New “biosphere region” aims to promote ecological cooperation in Northern Michigan


PELLSTON – The University of Michigan’s Biological Station is the epicenter of a new UNESCO-recognized “Biosphere Region,” but station leaders hope the designation will bring together ecological groups from across northern Michigan.

Located on the south bank of Douglas Lake, the Biological Station was originally recognized in 1979 by the United Nations Education, Science and Culture Organization (UNESCO) as a “Biosphere Reserve” where sustainable development practices are used to promote healthy ecological relationships between humans and the world Promote nature. In the United States, some of these reservations include locations such as Mammoth Cave, Glacier National Park, and Isle Royale.

“These biosphere reserves were originally conceived as unique places on earth where humans and the environment interacted in an interesting and sustainable way,” says Knute Nadelhoffer, former director of the biological station.

At that time, the name simply included the 13,000 hectares specifically managed by the biological station. But around six years ago UNESCO announced Nadelhoffer and his colleagues that the station would have to renew its name if it wanted to keep this status. But since 1979 the biosphere reserve program had expanded significantly, and the Biological Station wanted that too.

“We have actually started a long process of really rethinking what a biosphere reserve is,” he said. “We wanted it to be more than just an honorary title for what it really was (before), and it’s always nice to have this, but it didn’t seem to translate into something that was really productive or useful beyond that .” we do.”

Therefore, they used the renewed application process as an opportunity to meet with other agencies and organizations in the region that are carrying out similar work – preservation of natural areas and commitment to sustainability – and include them in the discussion. The result was a partnership between the biological station and 15 other agencies, protected areas, tribes and groups. Together these groups form the Obtawaing Biological Region.

The biosphere is not just the biological station, it extends from Sleeping Bear Dunes to Sault Ste. Marie, which includes protected lands managed by various groups including Huron Pines, The Forest Service, Department of Natural Resources, National Parks Service, Tip of the Mitt, Little Traverse Conservancy, Little Traverse Bay Band of Odawa Indians, and others .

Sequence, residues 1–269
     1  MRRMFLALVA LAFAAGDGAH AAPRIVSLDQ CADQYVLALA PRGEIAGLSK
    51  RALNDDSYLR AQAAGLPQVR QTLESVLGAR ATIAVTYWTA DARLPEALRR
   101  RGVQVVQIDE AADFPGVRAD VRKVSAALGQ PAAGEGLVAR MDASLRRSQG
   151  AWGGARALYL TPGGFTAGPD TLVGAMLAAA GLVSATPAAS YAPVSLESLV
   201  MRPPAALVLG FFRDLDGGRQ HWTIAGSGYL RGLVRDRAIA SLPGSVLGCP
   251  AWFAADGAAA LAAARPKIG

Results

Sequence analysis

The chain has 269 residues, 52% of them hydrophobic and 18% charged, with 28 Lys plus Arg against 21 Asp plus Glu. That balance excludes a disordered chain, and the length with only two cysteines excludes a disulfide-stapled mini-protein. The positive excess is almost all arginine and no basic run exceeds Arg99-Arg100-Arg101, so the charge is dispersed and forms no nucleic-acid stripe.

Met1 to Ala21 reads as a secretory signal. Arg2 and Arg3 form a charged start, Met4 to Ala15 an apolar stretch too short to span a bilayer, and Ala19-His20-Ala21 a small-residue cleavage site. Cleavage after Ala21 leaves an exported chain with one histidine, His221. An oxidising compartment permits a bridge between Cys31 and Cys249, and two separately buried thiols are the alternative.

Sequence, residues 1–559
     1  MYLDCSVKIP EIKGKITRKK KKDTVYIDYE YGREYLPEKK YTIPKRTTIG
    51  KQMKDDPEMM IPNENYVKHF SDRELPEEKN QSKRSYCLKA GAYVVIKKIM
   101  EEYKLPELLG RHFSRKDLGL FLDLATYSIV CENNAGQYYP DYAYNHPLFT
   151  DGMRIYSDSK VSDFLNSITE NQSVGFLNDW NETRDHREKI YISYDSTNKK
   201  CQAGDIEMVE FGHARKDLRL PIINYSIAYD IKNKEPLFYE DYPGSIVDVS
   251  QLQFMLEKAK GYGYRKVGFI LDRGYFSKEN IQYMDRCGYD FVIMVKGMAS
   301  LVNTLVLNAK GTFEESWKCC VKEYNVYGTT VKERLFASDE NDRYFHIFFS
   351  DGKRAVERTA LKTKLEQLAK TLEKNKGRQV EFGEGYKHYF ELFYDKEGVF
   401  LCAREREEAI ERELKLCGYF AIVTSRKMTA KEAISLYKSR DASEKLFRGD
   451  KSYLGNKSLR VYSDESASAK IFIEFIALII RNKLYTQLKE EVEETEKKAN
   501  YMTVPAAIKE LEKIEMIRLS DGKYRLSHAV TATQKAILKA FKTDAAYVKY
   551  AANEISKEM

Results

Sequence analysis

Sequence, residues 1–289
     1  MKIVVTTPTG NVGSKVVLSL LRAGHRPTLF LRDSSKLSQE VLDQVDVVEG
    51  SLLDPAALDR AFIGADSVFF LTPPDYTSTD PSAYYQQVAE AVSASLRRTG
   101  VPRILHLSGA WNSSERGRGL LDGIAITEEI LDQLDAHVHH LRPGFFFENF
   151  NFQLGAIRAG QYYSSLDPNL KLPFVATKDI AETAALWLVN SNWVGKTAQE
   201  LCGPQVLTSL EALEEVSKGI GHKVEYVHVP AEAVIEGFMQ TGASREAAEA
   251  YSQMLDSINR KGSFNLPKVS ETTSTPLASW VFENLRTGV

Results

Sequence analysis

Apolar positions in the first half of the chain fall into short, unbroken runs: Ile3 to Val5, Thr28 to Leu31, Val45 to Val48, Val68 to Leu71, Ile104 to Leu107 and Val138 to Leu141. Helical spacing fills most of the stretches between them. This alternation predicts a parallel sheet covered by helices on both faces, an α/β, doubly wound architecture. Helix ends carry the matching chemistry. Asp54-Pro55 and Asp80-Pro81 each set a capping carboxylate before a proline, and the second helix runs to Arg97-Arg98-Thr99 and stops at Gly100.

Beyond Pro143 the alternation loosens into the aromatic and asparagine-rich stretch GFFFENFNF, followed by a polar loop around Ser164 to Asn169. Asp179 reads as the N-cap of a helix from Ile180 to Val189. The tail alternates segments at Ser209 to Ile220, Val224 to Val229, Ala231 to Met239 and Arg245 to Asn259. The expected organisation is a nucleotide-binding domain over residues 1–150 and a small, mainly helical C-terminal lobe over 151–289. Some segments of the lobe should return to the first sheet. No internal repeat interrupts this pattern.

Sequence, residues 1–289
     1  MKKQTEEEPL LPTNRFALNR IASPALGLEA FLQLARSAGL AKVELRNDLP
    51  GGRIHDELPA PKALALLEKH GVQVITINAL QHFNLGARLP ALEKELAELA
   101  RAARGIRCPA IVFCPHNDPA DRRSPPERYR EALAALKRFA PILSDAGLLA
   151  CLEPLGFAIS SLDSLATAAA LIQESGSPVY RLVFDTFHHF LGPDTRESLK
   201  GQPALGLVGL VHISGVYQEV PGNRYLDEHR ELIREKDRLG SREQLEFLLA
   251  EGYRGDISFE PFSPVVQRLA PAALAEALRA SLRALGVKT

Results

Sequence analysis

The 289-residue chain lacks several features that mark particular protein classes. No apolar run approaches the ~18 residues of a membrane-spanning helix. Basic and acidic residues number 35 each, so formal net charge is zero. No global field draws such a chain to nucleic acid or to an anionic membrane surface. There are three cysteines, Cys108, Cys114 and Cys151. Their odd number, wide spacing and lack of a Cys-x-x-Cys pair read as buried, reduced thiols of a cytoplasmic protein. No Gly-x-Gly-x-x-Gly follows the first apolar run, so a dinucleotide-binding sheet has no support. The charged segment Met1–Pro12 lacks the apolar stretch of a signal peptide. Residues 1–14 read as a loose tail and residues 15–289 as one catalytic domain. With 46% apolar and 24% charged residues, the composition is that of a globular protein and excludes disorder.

Local governments are also involved in the cooperation.

“It’s a table,” said Nadelhoffer. “It’s an opportunity to meet every year and share our experiences, compare our goals and programs, and look for ways to work together to improve the quality of life.”

The name Obtawaing is an Anishinaabek word and means community or meeting place and was once the name of a village between what is now Harbor Springs and Cross Village.

The name was chosen for the biosphere region, among other things, due to the fact that the region is in the center of the water basin of the Great Lakes.

“You drop a needle in the middle and we are there,” said Nadelhoffer. “So this is the meeting point. It is the meeting point of the rivers, the peninsulas, two countries and indigenous and other cultures. ”

But it also stands for the spirit of collaboration that is inherent in the endeavor.

“The name reflects the need to find ways in which we can work together to foster governance and collaboration between organizations that may previously have been local rather than regional,” said Frank Ettawageshik, executive director of the United Tribes of Michigan, in a press release. “The promise for this is wide open and has yet to be realized. We took that first step, but it’s only now a framework in which things can happen, and we don’t yet know what they will look like. ”


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